Saturday, September 17, 2011

Vivid Imagery: Thinking Without Words

Let me share with you a mental pre-writing exercise I do to improve my imagery. I’m not much of a visual person, so I need to consciously add visuals, and I’m lazy, so I like any thing that theoretically shortens the editing process. Your reasons for trying this out might differ.

So here’s what you do. Sit where there are no distractions and close your eyes. Wear noise reduction head phones, if need be. Now, think about one of your stories. Alternatively, you can see whatever idea comes to mind, or you can start with an image that doesn’t have any attachments. Whatever you’re thinking about, begin banishing all thoughts that contain words. Refuse to even let the words finish forming. Focus on visuals and movement, and anything that doesn’t lend itself instantly to speech. Think without words.

If you just thought, “That’s crazy!” Well, of course it sounds crazy. Crazy is a word, and the word part of your brain thinks of itself as essential to your very being. Words are, after all, the main vehicles by which you communicate ideas to others. Don’t believe me that there is a word part of your brain? It’s called Broca’s area. (Cue Rainbow! The More You Know...) Linguists have a running debate on whether the language you speak shapes the way you think - but the point is, we CAN think without language, and you probably think differently when you think without language’s influence. This can lead to the kinds of ideas that normally wouldn’t even occur to you. Perhaps it will be the germ of a new story, or perhaps you’ll finally light upon something that makes that villain extra memorable.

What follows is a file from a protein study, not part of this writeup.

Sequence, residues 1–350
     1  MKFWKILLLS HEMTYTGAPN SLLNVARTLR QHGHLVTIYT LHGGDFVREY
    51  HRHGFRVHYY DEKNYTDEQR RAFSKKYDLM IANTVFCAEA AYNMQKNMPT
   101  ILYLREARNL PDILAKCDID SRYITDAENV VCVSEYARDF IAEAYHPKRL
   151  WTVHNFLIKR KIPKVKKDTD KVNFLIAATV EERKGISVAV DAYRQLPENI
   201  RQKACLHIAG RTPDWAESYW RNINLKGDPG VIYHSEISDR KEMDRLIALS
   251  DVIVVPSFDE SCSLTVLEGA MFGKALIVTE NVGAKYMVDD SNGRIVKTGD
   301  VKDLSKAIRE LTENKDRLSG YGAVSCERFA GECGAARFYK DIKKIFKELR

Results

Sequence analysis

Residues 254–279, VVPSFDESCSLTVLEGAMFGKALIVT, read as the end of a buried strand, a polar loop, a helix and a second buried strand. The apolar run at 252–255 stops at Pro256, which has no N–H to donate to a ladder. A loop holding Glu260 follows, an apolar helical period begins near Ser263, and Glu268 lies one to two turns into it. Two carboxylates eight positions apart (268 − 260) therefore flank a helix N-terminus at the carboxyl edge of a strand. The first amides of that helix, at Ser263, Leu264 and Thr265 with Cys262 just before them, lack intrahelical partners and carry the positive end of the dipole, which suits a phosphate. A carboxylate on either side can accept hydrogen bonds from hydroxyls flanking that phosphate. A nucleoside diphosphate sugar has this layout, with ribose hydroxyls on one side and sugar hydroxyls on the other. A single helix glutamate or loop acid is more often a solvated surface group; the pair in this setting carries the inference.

Example: While practicing this exercise in preparation for this post, I saw a tabby cat with swirls for stripes. Next, a bird with triangles for feathers. There are so many ways I could chose to go with that. Main characters in a children’s book? Golems in a fantasy story? Constructs in steampunk?

And yes, I am essentially asking you to see things that aren’t there. So go to your quiet place, close your eyes, and see what you see.

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